Christopher Guest’s films Waiting For Guffman (1996), Best In Show (2000), A Mighty Wind (2003), For Your Consideration (2006) are known for featuring an ensemble cast without any one character serving as the star. Yet, in Waiting For Guffman, Guest’s own character, Corky St. Clair, is the best in a cast of bests.
A 25-year veteran on the New York theatre scene, Corky St. Clair is brought in by the city council of Blaine, Missouri, the ”stool capital of the United States”, to put together a musical for the town Sesquicentennial. Corky St. Clair somehow gets Broadway producer Mort Guffman to fly out and see the show. If Corky can whip his cast of townsfolk into shape enough to impress Guffman, the show Red, White, And Blaine may be headed to Broadway.
Cheery and effeminate, Corky St. Clair has a keen eye for women’s fashion and buys most of his wife Bonnie’s clothes. One character says of Corky St. Clair:
“We’ve never seen his wife. Although I once saw Corky in a store buying clothes for her. Maybe she’s not supportive of him.”
He is ultimately a compassionate director who inspires his cast members to believe that they do, in fact, have talent. For that, they adore him.
Waiting For Guffman isn’t a film about community theater actors so much as it’s about average people dreaming of something bigger than they are, fighting to get out of their comfort zone. That their dreams are so small says a lot about them. One of them, a Dairy Queen employee, played to perfection by Parker Posey, dreams of someday going to NYC and watching television with Italian guys. In comparison, Corky St. Clair dreams of returning to Broadway where he was once crushed by the city’s indifference to his talents.
Corky St. Clair has so much riding on this endeavor that he occasionally snaps. When the town board refuses to give him $10,000 for his production, he glowers: “You’re all bastard people! I’m going home to bite my pillow!”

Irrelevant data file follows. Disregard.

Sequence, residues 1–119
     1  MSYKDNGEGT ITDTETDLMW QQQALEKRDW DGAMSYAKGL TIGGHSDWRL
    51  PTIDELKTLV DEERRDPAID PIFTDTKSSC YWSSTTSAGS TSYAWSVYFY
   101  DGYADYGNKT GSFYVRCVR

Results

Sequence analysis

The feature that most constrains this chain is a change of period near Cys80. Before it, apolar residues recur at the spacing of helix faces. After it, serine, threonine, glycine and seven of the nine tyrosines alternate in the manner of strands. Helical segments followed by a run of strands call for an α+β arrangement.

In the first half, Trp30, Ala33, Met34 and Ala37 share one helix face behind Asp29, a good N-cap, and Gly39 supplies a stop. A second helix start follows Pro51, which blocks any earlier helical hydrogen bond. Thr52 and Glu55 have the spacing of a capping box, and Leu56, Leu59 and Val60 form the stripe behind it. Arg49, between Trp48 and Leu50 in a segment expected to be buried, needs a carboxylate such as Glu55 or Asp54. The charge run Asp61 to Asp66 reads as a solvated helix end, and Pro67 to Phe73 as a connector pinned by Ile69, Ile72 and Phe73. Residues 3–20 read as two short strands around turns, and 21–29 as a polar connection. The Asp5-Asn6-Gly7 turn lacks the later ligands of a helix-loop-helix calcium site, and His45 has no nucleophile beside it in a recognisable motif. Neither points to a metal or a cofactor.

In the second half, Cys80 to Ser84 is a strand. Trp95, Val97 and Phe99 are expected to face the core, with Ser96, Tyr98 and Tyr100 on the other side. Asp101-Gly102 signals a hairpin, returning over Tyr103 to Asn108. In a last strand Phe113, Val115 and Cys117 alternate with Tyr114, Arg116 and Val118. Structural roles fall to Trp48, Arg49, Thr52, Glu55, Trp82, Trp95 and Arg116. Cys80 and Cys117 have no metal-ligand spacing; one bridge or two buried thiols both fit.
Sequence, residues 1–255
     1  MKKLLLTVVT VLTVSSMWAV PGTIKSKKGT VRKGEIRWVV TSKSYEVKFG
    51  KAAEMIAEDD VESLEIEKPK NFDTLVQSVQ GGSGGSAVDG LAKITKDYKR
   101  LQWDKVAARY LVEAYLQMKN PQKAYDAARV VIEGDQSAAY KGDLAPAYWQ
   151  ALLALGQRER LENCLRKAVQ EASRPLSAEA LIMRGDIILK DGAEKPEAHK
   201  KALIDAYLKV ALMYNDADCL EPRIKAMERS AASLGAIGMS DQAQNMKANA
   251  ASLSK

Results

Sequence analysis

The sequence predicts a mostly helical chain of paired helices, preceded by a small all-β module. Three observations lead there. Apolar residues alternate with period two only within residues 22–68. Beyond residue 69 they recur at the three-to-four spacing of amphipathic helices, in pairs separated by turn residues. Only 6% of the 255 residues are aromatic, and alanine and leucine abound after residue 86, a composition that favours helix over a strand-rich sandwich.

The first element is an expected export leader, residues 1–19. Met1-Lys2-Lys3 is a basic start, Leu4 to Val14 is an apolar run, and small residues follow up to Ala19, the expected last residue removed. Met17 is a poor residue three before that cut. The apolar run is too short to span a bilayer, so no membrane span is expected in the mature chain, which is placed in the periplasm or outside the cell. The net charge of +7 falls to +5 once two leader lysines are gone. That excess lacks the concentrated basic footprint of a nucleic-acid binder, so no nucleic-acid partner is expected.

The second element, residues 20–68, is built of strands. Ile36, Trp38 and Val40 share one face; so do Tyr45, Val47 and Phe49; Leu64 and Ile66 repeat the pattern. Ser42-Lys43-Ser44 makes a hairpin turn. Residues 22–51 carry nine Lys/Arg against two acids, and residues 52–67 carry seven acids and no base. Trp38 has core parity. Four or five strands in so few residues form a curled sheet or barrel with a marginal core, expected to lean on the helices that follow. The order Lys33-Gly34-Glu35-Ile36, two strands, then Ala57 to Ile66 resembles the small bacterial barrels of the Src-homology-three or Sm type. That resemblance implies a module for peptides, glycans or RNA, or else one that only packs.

He’s such a whirlwind of writing, directing, choreography, and in some cases, teaching his cast how to act, that he can’t be blamed for losing his temper. The chance to become something other than yourself can drive most people crazy. By the end of the film, marriages will end, some people pursue their dreams and find them empty, and others remain stuck where they are. If this hadn’t been one of the funniest, smartest films of the 1990s, it would have been one of the bleakest.
The cast is astonishingly good. There is Eugene Levy, who co-wrote the screenplay with Guest, as a dentist who dreams of stardom; there’s a husband and wife team played by Fred Willard and Catherine O’Hara who star in all of Corky St. Clair’s productions, and are known as “The Lunts of Blaine.” There’s Posey as the Dairy Queen girl, and Bob Balaban as the show’s frustrated musical director. There’s even a UFO expert (David Cross), who explains how Blaine was once visited by extraterrestrials, a moment dramatized in Red, White, And Blaine.
Corky St. Clair has a thing for a hunky young male cast member (Matt Kessler), while a male on the town council (Michael Hitchcock) seems to have a crush on Corky St. Clair. When the hunky actor bows out of the show a few days before opening night, Corky St. Clair screams into the phone: “I hate your ass-face!” After the actor quits, Corky St. Clair casts himself as the show’s male ingenue. He’s wrong for the part, but he doesn’t trust anyone else to do it. This is, after all, his shot at redemption.
Waiting For Guffman was released in January 1997, the time Hollywood traditionally uses to dump its junk, and it was financial dud. Audiences caught up with it, though, and it developed a loyal cult following. I see it as the Citizen Kane of late 20th century.
There is an underlying sadness to Waiting For Guffman, which somehow makes it even funnier, which makes sense; the title of the film is a nod to Samuel Beckett’s play Waiting For Godot. At Red White And Blaine’s start, the mysterious Guffman’s seat is seen to be empty, much to the dismay of the cast. Corky St. Clair reassures them that Broadway producers always arrive a bit late for the show, and sure enough a man takes Guffman’s reserved seat just as the show begins. After the curtain comes down, Corky St. Clair invites him backstage. The man is actually Roy Loomis, who has come to Blaine for the birth of his niece’s baby, but he tells everyone he enjoyed the show. Corky St. Clair then reads a telegram stating that Guffman’s plane was grounded by snowstorms, meaning that, like the “Godot”, the real Guffman is destined never to arrive.